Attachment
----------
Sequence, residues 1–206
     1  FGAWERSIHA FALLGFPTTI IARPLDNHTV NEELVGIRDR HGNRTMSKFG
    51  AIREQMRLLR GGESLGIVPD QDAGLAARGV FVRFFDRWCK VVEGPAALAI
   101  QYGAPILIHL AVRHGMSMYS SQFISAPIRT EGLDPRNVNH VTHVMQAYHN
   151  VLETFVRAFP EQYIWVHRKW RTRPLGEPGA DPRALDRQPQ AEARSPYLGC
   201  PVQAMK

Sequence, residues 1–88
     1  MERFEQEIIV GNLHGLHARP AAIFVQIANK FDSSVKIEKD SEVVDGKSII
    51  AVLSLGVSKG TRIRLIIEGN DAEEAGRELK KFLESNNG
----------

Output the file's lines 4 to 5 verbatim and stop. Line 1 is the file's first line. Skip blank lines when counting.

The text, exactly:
   101  QYGAPILIHL AVRHGMSMYS SQFISAPIRT EGLDPRNVNH VTHVMQAYHN
   151  VLETFVRAFP EQYIWVHRKW RTRPLGEPGA DPRALDRQPQ AEARSPYLGC